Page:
Basic Skills for the New Arbitrator
By Allan H. Goodman
Who Should Read This Book?
Often times people who are highly experienced in either Negotiation, Mediation or Arbitration wish to try and enter one of the other of these three as a field of avocation. If you are a Negotiator or Mediator and have been considering adding Arbitration to your repertoire of services, then this book was written for YOU! One should carefully remember that the field of Arbitration is different in some very key aspects; from mediation and negotiation. An Arbitrator is in essence a Judge. And even more interesting, the Arbitrator’s ruling is for the most part, unappealable. There are some extreme conditions where an Arbitrator can be shown to have a conflict of interest or a personal vested interest in ruling a certain way. These situations, rare though they be, are the few types of Arbitration rulings that can be overturned. Otherwise, NOT! An Arbitrator’s ruling is fairly unique in that it is not a court ruling, but a ruling based on a Contract between the parties and the Arbitrator or Arbitrators. Thus to vacate an Arbitrator’s ruling is very difficult.
How IS This Different Than Everything I Do?
The Arbitrator renders a Decision. Neither a Mediator nor a Negotiator may render a decision. Neither have the power of adjudication. The Arbitrator specifically does have the power of adjudication. As such, the one thing that is a total NO GO in Arbitration is that there is to be no ex parte communications. Mediation is built on the concept of ex parte communication. The Mediator depends on his/her ability to meet with parties without the others being present. If the Arbitrator does this, he/she may put their award in danger of being vacated.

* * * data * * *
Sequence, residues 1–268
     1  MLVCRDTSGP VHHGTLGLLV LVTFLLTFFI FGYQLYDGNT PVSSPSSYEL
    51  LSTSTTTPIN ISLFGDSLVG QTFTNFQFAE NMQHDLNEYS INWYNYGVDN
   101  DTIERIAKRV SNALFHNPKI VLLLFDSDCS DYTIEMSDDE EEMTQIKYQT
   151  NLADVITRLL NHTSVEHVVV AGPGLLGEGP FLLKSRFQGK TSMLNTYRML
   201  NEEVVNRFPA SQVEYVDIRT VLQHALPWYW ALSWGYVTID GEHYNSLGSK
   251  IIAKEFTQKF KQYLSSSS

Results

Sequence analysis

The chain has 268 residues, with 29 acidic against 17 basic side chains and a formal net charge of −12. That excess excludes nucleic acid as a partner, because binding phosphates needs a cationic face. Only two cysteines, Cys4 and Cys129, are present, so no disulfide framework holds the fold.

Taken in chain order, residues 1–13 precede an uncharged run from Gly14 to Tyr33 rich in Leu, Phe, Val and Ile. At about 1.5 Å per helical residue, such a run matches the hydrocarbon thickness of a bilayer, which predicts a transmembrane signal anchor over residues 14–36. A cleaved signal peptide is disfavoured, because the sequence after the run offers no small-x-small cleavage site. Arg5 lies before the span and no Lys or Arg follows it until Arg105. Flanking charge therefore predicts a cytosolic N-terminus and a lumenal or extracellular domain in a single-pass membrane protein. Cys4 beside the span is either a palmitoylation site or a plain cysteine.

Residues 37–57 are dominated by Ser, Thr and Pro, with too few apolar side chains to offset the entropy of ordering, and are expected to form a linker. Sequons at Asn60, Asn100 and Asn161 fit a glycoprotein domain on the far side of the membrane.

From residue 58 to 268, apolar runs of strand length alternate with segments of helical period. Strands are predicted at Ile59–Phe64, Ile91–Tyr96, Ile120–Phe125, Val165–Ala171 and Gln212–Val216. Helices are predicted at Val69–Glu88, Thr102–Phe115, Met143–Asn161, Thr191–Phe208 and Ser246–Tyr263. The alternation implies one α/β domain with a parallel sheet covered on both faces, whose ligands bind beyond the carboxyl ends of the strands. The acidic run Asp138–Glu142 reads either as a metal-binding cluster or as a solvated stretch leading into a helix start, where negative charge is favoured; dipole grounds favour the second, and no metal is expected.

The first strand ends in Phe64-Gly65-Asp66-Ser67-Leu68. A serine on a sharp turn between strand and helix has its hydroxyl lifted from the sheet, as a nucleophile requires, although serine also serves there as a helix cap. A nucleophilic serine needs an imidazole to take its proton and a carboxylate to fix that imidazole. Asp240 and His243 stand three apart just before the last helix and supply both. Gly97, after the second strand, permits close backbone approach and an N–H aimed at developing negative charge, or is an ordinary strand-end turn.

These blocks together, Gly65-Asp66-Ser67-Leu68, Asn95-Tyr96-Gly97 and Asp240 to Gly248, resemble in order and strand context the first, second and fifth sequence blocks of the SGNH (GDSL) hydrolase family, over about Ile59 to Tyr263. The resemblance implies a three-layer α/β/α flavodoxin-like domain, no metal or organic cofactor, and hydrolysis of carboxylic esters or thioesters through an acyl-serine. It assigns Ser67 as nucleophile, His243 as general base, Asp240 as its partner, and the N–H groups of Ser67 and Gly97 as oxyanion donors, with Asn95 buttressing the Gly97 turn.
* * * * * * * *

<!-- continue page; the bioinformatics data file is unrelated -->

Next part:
What’s In This Book?
Goodman uses a brilliant method of presentation. He structures the book so that it is basically the answers to the 100 most often and most important questions asked about Arbitration; in Goodman’s opinion. This reviewer believes that Goodman has a good opinion. He is an Arbitrator and Mediator, and is currently a Judge on the US GSA (General Services Administration) Board of Contract Appeals.
Goodman’s elucidation is collated in a chronological order in terms of the stages of an Arbitration. As such, the names of his chapters are as follows:
If these above subjects are not self-evident to you, perhaps Goodman’s book is a little over your head. However, if you understand the meaning of the above topics, it is not necessary that you know the answers. That is what is in the book.
For example, the book explains that the normal rules of evidence do NOT apply in Arbitration. The Arbitrator has the final say as to what is admitted and what is not admitted. And the book indicates that to err on the side of admitting, is the norm, not the exception.
The book is truly chocked full of this type of information and how the Arbitrator should handle the situation.
In conclusion, the book is truly the best example of how an experienced Mediator or Negotiator can transition into one of excellent understanding of Arbitration by reading this book. It should be carefully noted that there is one other very key difference with respect to Arbitration versus Mediation or Negotiation. It is not a requirement that the Mediator or even the Negotiator is a “subject expert” in order to do their job excellently. However, an Arbitrator is assumed to be a subject expert and also, to some extent a legal expert in that small area in which the Arbitration is focused. It is unwise for an Arbitrator to take a case in an area where he/she has absolutely no knowledge; unless, they intend to become a subject expert prior to the hearing. With those limited caveats, this book is one of the finest of its kind. I have not read a better primer on any subject in a very long time.
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